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A Rabbi, a Priest, and a Mezuzah: A Story of Interfaith Friendship

A Rabbi, a Priest, and a Mezuzah: A Story of Interfaith Friendship

I was saddened to hear the news this week of the passing of Father Theodore Hesburgh, former president of the University of Notre Dame. There will continue to be numerous tributes written, stories recounted of the many lives he touched, and recollections made of the wonderful accomplishments he achieved in his lifetime. Yet, as I think back to my several meetings with him, I remember one special occasion that is probably not well known.

My late husband, Rabbi Michael Signer, came to the University of Notre Dame in 1993 as the Abrams Professor of Jewish Thought and Culture. Although a medievalist, he taught Jewish text and was very involved in Jewish-Christian dialogue. Upon my husband’s arrival at the university, Father Hesburgh invited Michael up to his library office to welcome him. They spent an hour discussing world politics, Nostra aetate, and Michael’s role at the university as a Jewish presence on campus. Father Hesburgh was very proud that a Catholic University was open to having a voice of another faith in the rheology department.

Their friendship and discussions continued throughout the years and helped in Michael’s formulation of Dabru Emet. Written in 2000, Dabru Emet is a statement about the relationship of Jews and Christians. The title was taken from Zechariah 8:16 and means "speak the truth." Father Hesburgh was a courageous man who always spoke the truth for all humanity, rich and poor, white or of color, and for all religions.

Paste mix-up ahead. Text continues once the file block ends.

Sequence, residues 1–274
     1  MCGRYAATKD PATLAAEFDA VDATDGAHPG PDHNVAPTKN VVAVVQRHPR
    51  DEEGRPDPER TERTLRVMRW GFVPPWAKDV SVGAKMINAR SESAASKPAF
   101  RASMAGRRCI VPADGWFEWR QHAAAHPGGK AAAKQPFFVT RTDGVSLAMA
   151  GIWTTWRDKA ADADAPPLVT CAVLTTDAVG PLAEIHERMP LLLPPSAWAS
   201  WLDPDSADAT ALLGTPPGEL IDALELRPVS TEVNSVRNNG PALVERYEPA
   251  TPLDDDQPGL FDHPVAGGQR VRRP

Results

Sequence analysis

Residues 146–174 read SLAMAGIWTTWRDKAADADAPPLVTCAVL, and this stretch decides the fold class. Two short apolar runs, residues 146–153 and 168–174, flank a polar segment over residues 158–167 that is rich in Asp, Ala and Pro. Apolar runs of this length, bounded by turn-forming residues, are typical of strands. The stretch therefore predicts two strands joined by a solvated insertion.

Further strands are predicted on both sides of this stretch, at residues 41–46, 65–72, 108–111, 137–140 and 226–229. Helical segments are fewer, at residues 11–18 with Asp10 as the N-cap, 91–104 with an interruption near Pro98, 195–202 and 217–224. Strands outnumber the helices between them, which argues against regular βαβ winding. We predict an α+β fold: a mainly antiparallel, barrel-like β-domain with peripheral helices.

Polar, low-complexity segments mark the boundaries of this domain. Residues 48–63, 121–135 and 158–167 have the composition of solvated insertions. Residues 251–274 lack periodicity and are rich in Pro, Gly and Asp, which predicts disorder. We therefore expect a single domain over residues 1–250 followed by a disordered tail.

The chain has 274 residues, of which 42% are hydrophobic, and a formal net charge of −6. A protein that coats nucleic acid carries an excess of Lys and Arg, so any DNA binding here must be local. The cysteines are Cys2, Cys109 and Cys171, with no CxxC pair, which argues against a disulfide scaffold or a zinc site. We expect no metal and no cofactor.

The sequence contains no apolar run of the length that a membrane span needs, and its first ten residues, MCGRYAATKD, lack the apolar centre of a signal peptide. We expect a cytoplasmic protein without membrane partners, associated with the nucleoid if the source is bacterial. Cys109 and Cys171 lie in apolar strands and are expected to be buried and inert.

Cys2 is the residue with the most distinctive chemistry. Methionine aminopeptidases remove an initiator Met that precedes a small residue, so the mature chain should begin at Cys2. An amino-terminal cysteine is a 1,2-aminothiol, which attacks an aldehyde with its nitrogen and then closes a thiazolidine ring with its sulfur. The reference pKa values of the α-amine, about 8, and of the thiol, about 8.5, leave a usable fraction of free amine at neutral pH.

One day, when Michael was paying a visit to Father Ted, as he was known, he was asked if he would perform a rabbinical function and do the honor of putting up a mezuzah on the chapel door. Michael felt very privileged to be asked, but he was also a bit bemused.

Why did Father Ted have a mezuzah, and why did he want to affix it to his door? As it turned out, he was close friends with Teddy Kollek, the mayor of Jerusalem (1965-1993), who had given him the mezuzah as a gift. He said he was waiting for the right person to be able to hang it.

Michael, humbled by this honor, told Father Ted that he was quite qualified to do the prayers - but not to count on him to nail the mezuzah straight on the door. Luckily, someone with better hand/eye coordination was on call to do that part.

The day of the service, about 10 people – myself included – were invited to witness the hanging of the mezuzah. Michael recited the prayers, gave a special blessing to Father Ted for his health and continued work, and then hung the mezuzah (or rather, called upon someone else to do the last part). Afterward, we were all invited for cookies, tea, and sweet wine, and then Father Hesburgh took us into the chapel, where he showed Michael that the liturgical reading for the day was Deuteronomy 11-20: “And you shall write them on the doorposts of your house, and on your gates,” one of the verses typically inscribed on the kosher parchment scroll inside mezuzot. They hugged and enjoyed the moment, a true coming together of different traditions with respect, understanding, and affection.

May they both now rest in peace continuing with their Jewish-Christian discussions. As we come upon the anniversary of Nosta aetate, this memory is a reminder that dialogue and friendship lead to greater understanding and respect of others.

Betty Signer is the coordinator of the Notre Dame Holocaust Project (1996-2011) and a long-time member of the Religious Action Center of Reform Judaism’s Commission on Social Action and a member of Temple Beth-El in South Bend, IN. She serves on the board of the Jewish Women’s Endowment Fund of the Jewish Federation of St. Joseph Valley.

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